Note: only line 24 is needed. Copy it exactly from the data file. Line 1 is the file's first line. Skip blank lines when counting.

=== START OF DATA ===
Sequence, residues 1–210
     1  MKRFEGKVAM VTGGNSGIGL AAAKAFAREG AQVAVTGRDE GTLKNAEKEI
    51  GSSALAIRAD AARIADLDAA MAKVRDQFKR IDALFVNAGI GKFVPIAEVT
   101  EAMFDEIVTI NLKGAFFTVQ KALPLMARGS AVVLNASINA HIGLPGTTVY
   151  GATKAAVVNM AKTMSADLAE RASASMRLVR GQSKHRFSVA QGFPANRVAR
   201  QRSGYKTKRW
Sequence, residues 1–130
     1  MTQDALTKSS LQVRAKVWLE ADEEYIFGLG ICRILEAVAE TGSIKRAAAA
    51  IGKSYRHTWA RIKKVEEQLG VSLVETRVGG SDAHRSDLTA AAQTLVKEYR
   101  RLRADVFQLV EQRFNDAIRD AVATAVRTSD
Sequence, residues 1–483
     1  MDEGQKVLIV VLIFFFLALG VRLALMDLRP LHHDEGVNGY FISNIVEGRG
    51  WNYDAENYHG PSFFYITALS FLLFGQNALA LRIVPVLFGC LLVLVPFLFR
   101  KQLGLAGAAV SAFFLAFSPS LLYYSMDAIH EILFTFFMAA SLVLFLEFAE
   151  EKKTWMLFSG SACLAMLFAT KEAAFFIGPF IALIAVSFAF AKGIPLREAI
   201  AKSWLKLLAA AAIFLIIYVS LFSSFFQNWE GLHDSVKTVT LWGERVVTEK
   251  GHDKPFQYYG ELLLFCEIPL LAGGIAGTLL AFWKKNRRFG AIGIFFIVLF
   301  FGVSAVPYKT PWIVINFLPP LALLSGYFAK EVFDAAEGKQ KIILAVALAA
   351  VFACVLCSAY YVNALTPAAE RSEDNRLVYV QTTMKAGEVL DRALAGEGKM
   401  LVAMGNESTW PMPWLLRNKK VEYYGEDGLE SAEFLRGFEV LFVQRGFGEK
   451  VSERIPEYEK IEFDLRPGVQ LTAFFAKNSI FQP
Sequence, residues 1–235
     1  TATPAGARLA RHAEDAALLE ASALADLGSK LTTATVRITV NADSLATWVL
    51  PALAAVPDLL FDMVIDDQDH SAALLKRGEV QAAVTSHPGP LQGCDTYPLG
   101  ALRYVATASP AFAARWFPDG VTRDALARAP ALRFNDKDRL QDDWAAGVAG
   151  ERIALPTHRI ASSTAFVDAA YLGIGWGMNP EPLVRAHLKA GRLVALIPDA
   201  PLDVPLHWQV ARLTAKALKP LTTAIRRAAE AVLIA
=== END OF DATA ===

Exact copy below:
    51  PALAAVPDLL FDMVIDDQDH SAALLKRGEV QAAVTSHPGP LQGCDTYPLG